Max (2015): Boaz Yakin's touching but predictably simple story about man’s best friend

By Anirban Lahiri

Featured in IMDb Critic Reviews

Max, Movie Poster, Directed by Boaz Yakin
Max (2015) - By Boaz Yakin
Our Rating: 4.0
IMDb Ratings: 7.3
Genre: Adventure | Family
CastThomas Haden Church, Josh Wiggins, Luke Kleintank
Country: USA
Language: English
Runtime: 111 min
Color: Color

Summary: When Kyle Wincott is killed in the war, his war dog, Max, suffers from stress. Max is to be put down because he has trouble listening to anyone else, until he meets Justin, Kyle's brother. Justin adopts and saves Max. Then both of their lives will never be the same again.

Do you have a dog? Have you ever pet a dog, or any other animal, in childhood? Yes to either of these, and Max is a film for you.

Max is the story of a dog, a Belgian Malinois, trained in the US Marine, to help soldiers at the battlefield. Stalled in battle-strewn Afghanistan, Max sees its handler and best friend, US Marine Kyle Wincott, get killed in an encounter. The dog probably thinks it was its own fault not to warn Kyle in advance. Victim to a post-traumatic stress, Max is unable to function anymore in the marine.

The Marines want to exterminate it. As a last resort, they inform Kyle’s parents. Max’s inner turmoil goes down when it sees Justine, Kyle’s younger brother – a spoilt brat who makes some extra money ripping video games. Max finds a close to kin in Justin, though Justin is not so sure.

A Still from Max, Directed by Boaz Yakin
A Still from Max
The story is predictably simple. The Belgian shepherd’s dog’s psychology is well explored. The camera and cuts are classical – there is a neoclassical feel in the narration. Through small dollops of conflicts, Kyle’s family, especially Justin, accepts Max as member. But, Kyle’s father, Ray Wincott, Ex-Marine-officer suspects that Max is responsible for Kyle’s death. 

Max would appeal to kids in their teenage, and to all animal lovers at large. The film voices an important concern through the character of a suspended US Marine officer, Tyler. It is not the arms dealers who are the main culprits, he says. These dealers are just minions, puppets in the hands of arms manufacturer. This slip-of-tongue in American cinema refers to bankers and families, such as Rothschild, that fund war, and sell arms to both the warring sides, making huge profit and keeping power to the ruling section, at the cost of million human lives.

Justin with Max, Directed by Boaz Yakin
Justin with Max
The subtexts of teen-age romance and familial reconciliation, which connects to the Max story, as a teenager’s coming-of-age journey are handled well. When Justin’s new-found crush, Carmen, teaches him how to handle dogs, especially Shepherd dogs, she subtly hints at how to date a girl. The idea of reward and leading the line are applicable to both. Picking two different behavioural traits and connecting them together through the same human instinct is a good game this film plays.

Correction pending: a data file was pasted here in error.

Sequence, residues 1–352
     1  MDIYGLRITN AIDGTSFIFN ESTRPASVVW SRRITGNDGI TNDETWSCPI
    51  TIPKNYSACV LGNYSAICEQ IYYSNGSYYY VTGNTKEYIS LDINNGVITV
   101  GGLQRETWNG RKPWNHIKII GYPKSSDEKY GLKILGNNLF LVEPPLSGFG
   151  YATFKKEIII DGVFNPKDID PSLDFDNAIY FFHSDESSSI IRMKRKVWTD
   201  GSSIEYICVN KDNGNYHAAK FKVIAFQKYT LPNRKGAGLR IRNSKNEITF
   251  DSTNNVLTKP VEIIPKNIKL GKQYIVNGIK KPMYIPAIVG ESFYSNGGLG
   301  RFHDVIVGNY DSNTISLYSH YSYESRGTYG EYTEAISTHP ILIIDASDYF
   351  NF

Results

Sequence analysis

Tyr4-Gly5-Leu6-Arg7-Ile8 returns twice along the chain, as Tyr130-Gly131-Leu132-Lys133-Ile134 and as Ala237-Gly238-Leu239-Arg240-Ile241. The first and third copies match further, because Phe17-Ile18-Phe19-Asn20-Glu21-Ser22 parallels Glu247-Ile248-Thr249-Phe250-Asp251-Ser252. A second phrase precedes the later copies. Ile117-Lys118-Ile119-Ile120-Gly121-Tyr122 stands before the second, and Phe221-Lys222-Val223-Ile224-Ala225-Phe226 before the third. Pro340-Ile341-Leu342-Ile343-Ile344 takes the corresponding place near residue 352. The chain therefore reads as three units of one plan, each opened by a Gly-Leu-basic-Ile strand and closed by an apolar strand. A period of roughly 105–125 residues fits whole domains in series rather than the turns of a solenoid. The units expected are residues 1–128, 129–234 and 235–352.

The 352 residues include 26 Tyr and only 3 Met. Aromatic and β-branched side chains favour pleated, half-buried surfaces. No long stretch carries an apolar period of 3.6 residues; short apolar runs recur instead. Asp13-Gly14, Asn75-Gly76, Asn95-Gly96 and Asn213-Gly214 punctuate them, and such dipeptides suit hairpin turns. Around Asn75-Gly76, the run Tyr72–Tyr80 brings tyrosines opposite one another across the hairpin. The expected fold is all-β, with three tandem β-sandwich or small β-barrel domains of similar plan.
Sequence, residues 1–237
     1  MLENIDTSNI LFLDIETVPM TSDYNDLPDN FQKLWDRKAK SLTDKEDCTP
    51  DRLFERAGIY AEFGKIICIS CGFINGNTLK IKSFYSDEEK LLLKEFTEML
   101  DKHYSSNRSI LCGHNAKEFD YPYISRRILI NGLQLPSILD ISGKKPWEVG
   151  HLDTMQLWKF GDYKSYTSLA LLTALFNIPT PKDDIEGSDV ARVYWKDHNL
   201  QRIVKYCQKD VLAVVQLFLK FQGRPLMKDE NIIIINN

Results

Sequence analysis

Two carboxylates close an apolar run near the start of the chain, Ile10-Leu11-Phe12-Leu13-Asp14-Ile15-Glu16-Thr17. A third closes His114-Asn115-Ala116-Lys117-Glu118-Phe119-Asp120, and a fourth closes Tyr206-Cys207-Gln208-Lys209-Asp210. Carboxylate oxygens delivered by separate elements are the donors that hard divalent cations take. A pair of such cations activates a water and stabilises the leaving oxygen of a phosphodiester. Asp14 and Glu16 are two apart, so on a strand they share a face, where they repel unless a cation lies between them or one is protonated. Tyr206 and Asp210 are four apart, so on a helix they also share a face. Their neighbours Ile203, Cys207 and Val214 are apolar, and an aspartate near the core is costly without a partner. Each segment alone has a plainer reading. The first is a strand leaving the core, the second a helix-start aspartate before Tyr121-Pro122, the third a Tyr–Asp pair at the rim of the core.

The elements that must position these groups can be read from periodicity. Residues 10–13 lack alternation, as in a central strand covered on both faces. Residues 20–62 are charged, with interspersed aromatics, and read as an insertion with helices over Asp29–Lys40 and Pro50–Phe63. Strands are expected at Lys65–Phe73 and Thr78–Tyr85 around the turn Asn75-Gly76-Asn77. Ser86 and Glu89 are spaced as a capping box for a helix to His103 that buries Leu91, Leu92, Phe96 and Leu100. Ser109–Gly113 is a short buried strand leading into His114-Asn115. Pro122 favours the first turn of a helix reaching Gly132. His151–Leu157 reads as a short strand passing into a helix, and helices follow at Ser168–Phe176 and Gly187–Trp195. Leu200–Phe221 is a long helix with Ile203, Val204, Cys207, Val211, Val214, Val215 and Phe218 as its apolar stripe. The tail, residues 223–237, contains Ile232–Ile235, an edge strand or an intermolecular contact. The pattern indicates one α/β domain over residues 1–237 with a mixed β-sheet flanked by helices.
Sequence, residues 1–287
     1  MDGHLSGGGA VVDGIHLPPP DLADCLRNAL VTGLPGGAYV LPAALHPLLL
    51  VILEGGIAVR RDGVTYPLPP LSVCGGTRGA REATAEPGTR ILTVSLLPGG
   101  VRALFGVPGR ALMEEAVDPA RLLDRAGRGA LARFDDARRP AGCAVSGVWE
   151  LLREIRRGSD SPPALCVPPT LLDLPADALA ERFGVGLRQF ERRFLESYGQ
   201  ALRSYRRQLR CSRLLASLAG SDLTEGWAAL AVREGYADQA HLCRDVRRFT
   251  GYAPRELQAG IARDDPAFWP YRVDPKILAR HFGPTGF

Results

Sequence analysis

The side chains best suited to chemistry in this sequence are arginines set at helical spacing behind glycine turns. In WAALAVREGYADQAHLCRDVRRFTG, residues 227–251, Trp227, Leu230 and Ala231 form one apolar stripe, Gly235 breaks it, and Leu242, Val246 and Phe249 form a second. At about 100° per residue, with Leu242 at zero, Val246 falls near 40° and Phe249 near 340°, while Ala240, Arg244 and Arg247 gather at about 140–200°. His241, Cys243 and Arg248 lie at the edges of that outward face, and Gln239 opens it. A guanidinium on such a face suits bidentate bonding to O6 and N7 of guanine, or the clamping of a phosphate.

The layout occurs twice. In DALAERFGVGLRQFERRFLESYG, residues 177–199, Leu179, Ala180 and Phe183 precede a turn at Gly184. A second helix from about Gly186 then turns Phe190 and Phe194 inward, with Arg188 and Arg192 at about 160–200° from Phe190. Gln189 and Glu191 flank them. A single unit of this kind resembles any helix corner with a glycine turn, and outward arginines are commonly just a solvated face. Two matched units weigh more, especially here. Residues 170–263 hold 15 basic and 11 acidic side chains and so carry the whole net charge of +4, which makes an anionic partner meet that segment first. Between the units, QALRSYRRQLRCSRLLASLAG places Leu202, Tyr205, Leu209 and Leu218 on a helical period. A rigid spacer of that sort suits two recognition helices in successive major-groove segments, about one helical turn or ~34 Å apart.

Carlos, the Belgian shepherd dog, etched out the sensitive core of the character pretty well. Josh Wiggins as Justin is okay. The other characters in the film are flat or fragmented.

A Still from Max, Directed by Boaz Yakin
A Still from Max
Max, the film, is about relationship. Like a fable, it shows how to cross life’s hurdles and grow up through building relations. It has been decades since serious dog films like Rin Tin Tin or Lassie featured in theatres. Thanks to Warner Bros and MGM, the studios behind the Rin Tin Tin and the Lassie films, to bring the genre back.  In Today’s net age, man’s best friend may come back in more films to give us a break from sex, lies and violence.

The film has made a commendable business of $25.349m worldwide so far, with a gross of $12.155m in the home market in the opening weekend. It is ranked 4th in the domestic theatres, behind Jurassic World, Inside Out and Ted 2.

Verdict: Good for one-time watch.

About Author - 

Anirban is a Cinematographer and film teacher. After a marathon teaching of filmmaking for five years in Digital Academy, Mumbai, he is busy writing his own film now. He was with DearCinema during its first phase. Steeped in cultural theory, observation and history, he sees all his work as part of a continuum – critique. Anirban consciously plays the role of a critic while shooting films, teaching, writing stories, and of course while critiquing. His favourite filmmakers are Sergei Eisenstein, Orson Welles, Jean-Luc Godard, Ritwik Ghatak, Satyaji Ray, Luis Buñuel, Andrei Tarkovsky, Abbas Kiarostami and Nagisa Oshima, to name a few.

Readers, please feel free to share your views/opinions in the comment box below. As always your feedback is highly appreciated!  


Max (2015) Trailer (YouTube)

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